After 13 studio albums, Nashville-by-way-of-Ohio singer-songwriter Griffin House is more “old hat” than “rising star” yet his latest album is titled just that. Paradoxical? Maybe—but Rising Star is shot through with forward-looking optimism, suggesting House is a man pursuing individuation, rising through an outgrown eggshell to embrace a new life.
The storytelling prowess in the title track and subsequent “15 Minutes of Fame” is entrancing. In “Rising Star,” through witty phrasing and a rogues’ gallery of country clichés, House tells the hilarious story of Joe Everyboy coming to Nashville with his six-string and a dream. House achieves tummy-seizing guffaws when Joe meets “Keith Urban in a button-up place/Tried to talk to him, got punched in the face.”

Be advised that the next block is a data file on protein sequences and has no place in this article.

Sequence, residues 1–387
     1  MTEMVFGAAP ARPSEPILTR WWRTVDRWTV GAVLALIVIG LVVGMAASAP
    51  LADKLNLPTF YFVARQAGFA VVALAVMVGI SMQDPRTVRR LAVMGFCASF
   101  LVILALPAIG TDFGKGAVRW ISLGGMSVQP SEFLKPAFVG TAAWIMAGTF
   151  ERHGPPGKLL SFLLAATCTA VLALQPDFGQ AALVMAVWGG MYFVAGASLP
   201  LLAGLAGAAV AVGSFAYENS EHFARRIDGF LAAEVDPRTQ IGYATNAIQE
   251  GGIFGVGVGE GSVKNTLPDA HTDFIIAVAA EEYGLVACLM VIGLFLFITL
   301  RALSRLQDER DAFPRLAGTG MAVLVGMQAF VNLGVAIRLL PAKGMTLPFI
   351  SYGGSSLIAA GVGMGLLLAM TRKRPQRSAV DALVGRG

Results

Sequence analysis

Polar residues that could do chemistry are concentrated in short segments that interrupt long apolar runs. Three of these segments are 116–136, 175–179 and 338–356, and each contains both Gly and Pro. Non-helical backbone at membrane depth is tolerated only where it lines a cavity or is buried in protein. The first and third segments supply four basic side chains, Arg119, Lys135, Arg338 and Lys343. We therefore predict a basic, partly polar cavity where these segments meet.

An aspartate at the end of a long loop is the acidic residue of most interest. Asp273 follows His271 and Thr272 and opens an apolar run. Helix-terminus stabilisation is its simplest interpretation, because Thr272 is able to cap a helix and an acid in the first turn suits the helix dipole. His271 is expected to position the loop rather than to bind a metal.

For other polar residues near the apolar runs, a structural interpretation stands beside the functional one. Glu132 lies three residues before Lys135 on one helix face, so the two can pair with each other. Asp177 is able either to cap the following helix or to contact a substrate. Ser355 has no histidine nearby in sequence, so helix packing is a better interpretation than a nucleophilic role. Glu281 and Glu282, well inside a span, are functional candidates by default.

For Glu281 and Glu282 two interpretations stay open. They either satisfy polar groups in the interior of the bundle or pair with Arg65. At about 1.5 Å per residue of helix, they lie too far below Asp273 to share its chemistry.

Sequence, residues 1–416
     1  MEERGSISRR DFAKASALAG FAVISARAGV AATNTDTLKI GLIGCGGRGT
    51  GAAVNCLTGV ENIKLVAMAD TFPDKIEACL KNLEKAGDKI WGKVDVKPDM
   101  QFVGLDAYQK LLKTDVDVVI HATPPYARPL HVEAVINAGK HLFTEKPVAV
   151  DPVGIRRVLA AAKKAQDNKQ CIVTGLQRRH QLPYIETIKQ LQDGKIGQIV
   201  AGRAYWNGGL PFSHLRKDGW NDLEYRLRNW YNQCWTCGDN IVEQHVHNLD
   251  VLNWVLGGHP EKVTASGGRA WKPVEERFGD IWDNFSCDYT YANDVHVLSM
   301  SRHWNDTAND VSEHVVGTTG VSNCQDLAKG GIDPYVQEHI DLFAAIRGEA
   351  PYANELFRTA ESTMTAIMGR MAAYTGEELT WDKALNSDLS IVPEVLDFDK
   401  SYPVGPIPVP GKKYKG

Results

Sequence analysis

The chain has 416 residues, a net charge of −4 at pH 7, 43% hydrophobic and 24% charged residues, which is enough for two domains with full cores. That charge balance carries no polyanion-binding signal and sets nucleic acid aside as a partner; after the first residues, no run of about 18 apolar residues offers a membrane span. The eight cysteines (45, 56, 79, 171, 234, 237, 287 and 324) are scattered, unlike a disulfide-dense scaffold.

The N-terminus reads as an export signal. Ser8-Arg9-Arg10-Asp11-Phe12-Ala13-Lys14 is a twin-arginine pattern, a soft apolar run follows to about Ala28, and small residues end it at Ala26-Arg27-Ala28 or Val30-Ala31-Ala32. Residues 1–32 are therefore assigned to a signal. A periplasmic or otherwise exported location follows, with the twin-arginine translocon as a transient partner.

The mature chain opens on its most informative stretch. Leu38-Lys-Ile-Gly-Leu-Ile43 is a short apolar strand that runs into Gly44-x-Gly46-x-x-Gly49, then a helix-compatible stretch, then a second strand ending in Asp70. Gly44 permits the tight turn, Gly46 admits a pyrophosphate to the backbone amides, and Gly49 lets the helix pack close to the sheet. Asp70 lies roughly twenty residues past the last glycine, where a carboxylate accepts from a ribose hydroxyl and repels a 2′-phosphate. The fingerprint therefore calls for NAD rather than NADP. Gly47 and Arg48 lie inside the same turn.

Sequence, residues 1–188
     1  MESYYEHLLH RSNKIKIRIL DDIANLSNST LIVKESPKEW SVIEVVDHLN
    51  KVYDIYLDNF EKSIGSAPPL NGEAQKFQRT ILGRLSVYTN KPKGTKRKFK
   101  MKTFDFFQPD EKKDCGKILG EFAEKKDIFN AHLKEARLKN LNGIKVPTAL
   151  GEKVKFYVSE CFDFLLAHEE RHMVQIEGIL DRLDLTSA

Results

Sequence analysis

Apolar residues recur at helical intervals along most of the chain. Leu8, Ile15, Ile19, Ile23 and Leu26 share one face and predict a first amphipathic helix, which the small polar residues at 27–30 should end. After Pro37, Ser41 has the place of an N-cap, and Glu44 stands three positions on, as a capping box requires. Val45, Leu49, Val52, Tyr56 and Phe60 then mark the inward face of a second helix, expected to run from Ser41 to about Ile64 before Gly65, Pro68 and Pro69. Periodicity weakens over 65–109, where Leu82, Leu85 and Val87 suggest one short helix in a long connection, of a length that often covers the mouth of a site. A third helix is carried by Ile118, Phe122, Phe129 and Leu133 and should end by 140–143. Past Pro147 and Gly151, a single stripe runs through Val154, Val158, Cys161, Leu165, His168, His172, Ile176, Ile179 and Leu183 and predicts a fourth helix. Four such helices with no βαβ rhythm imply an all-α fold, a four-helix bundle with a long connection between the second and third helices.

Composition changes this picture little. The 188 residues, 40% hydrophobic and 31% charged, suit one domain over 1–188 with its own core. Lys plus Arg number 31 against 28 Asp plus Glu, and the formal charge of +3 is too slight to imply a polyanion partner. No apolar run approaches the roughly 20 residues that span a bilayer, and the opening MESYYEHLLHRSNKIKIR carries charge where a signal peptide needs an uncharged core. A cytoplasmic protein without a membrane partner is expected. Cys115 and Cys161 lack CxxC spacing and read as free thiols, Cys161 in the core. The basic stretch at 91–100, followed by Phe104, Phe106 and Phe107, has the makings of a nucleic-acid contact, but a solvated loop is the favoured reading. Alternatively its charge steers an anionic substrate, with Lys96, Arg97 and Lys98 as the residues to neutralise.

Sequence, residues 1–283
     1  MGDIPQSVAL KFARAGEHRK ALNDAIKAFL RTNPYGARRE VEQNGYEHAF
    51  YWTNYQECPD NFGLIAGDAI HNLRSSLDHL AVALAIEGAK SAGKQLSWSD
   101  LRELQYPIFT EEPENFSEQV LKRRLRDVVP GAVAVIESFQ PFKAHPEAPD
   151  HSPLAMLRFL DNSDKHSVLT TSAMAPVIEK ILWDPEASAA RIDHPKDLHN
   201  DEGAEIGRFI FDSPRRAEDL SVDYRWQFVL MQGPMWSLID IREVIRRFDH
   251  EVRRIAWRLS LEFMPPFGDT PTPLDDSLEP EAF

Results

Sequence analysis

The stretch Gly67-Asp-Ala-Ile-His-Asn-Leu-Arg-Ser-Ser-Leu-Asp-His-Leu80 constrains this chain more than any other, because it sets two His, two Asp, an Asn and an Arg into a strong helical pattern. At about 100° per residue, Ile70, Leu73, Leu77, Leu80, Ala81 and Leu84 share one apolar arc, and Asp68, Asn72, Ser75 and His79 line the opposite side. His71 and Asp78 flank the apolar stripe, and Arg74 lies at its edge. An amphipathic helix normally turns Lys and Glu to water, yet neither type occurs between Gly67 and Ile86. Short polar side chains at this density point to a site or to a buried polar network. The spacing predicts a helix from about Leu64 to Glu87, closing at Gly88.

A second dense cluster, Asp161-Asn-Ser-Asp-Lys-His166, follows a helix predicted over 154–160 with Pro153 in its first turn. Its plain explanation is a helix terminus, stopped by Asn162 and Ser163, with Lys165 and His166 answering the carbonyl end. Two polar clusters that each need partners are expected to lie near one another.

Rising Star’s middle languors in the shadow of “Cup of Fulfillment” which arises from nowhere. Imagine Mumford & Sons covering a Springsteen song written during an imaginary religious phase. Sensuous production and gentle, enfolding structure crescendo into spiritual catharsis more sublimity than dogma.
Following two confusing sonic choices comes “Change,” a duet with Joy Williams (The Civil Wars). “Change” won’t earn House entrée into the Poetic Gardens, but it’s a syrupy bit of dessert that lingers splendidly on the palate.
Rising Star has its moments, but it’s mostly comprised of blasé, unremarkable ruminations on life at almost-40 that wouldn’t sound out of place at a weekday open mic. Not offensive, not discordant, not inaccurate…not anything, really.
SPILL ALBUM REVIEW: GRIFFIN HOUSE – RISING STAR
G. Roe Upshaw